The Phenomenal Genome

Friday, September 6, 2019 to Sunday, June 30, 2024
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Project Descriptions
Environment Type: 
Public Programs, Museum and Science Center Programs, Professional Development, Conferences, and Networks, Professional Development and Workshops, Exhibitions, Museum and Science Center Exhibits
General Public | Educators/Teachers | Museum/ISE Professionals
Health and medicine | Life science

Exploratorium’s The Phenomenal Genome: Evolving Public Understanding of Genetics in the Post-Mendelian Era project addresses the increasing need to develop genomic literacy in the public at large. The explosion of genomics research over the past two decades has led to an increasingly complex picture of the determinants of human health and human phenotypes, and the applications of this research are now making their way into the clinic, the media, and the hands of consumers. The goal of this project is to create a model for increasing genomic literacy through Informal Science Education programming (ISE), creating a pathway for better decision making for the health of individuals and society at large. The Phenomenal Genome focuses on general science museum visitors and teachers of middle and high school students.

The core of the Exploratorium’s approach to science education is the creation of intriguing, provocative and investigable phenomena that are experienced directly and personally through exhibits, facilitated explorations, programs, and teacher professional development. Over two years, we will develop, test, and iterate inquiry-based professional development to help teachers develop understanding and integrate the principles of contemporary genomics and genetics into their classrooms. 120 middle and high school teachers will be served during this period, and many more beyond that, as the activities and workshops developed become a regular part of our teacher professional development programming. A learning scientist specializing in teacher learning will conduct research to determine which approaches and experiences are most effective for this context, and why.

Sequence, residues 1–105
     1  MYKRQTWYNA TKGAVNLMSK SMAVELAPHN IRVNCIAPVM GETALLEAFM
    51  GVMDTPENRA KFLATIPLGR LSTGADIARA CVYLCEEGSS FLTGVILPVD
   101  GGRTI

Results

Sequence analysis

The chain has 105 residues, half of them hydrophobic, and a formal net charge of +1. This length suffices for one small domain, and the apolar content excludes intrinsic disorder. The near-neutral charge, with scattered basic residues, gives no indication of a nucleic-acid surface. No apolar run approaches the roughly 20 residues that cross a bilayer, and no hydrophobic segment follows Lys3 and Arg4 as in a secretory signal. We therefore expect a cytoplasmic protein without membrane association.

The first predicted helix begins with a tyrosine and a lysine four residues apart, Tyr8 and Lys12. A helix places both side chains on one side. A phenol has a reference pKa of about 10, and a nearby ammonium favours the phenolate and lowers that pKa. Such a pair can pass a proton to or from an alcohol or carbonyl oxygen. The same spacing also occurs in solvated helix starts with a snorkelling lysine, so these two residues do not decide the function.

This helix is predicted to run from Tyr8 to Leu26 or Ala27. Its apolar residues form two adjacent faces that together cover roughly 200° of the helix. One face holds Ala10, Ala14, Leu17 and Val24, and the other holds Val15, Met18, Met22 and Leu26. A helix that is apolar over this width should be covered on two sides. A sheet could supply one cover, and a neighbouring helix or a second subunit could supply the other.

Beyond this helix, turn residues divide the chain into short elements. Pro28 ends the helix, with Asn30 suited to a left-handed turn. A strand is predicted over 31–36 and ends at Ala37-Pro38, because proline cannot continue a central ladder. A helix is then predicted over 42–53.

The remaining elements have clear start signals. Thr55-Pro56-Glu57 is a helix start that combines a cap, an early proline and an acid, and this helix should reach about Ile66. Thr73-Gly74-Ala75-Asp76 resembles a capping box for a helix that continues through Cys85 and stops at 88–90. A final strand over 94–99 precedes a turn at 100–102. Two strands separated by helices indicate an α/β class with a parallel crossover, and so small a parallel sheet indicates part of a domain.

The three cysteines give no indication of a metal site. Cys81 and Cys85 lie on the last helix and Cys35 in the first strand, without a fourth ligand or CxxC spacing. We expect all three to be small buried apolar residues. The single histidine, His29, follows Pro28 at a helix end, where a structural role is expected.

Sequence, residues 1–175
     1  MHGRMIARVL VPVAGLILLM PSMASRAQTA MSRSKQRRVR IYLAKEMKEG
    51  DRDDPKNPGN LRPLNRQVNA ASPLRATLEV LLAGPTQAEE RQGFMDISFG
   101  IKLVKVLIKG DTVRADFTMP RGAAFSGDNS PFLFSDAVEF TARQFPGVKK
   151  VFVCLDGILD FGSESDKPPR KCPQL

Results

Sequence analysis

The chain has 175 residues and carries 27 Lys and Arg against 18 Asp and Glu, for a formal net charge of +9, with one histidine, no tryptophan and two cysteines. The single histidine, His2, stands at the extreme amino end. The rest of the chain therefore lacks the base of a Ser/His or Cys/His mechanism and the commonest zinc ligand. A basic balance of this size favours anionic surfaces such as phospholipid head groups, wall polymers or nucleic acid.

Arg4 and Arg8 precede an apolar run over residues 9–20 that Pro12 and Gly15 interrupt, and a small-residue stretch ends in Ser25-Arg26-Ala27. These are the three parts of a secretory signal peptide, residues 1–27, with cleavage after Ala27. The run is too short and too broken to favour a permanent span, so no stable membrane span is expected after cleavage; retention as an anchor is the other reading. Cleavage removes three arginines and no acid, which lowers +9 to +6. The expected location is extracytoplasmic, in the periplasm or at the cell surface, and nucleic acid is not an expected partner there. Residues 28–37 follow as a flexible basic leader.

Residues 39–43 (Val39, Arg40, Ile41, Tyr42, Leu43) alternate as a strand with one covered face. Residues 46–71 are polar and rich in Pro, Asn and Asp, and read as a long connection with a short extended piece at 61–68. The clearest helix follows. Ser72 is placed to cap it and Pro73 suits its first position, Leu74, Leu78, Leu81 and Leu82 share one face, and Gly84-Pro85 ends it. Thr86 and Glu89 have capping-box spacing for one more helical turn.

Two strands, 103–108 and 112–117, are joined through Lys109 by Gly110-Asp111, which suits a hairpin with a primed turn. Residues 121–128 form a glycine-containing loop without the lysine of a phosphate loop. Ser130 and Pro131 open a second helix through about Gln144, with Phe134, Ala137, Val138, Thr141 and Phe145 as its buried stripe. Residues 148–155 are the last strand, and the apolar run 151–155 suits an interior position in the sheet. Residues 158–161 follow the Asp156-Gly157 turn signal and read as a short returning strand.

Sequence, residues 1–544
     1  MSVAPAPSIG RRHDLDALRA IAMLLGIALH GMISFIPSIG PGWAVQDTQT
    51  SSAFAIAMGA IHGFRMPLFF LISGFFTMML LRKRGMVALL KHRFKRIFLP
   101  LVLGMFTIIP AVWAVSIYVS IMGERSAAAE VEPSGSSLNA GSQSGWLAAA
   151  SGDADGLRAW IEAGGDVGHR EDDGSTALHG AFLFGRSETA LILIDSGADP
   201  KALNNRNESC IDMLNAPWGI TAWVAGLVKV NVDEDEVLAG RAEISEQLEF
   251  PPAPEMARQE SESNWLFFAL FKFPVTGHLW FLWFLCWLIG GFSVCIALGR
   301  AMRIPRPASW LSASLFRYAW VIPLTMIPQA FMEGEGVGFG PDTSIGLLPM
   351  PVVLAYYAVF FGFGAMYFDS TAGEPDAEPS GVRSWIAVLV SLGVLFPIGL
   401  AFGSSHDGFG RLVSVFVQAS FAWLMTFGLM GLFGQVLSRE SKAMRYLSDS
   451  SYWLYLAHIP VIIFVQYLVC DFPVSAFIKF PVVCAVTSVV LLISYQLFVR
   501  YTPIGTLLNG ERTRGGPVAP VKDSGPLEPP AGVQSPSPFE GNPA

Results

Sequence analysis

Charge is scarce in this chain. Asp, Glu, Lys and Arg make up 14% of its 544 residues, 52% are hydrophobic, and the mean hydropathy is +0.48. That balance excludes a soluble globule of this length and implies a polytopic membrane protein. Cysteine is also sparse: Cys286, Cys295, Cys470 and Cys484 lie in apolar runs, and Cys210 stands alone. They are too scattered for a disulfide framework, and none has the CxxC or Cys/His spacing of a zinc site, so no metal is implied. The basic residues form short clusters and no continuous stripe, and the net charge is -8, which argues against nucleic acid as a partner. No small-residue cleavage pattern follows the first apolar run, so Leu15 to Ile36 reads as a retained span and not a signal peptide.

In a parallel process, we will develop and test exhibits and experiences on the museum floor for museum visitors, using a similar iterative process of prototype testing with an embedded learning scientist to study visitor learning. We plan to define the approaches that work across audiences and contexts, as well as those that work best in particular contexts.

Through this work, we will develop new resources for teaching and learning contemporary genomics and genetics, and identify promising practices in communicating contemporary genomics and genetics in informal spaces across audiences. We will disseminate our findings via conferences, peer-reviewed articles, and workshops for the ISE community.

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Team Members

Hilleary OsheroffHilleary OsheroffPrincipal Investigator
Kristina YuKristina YuPrincipal Investigator

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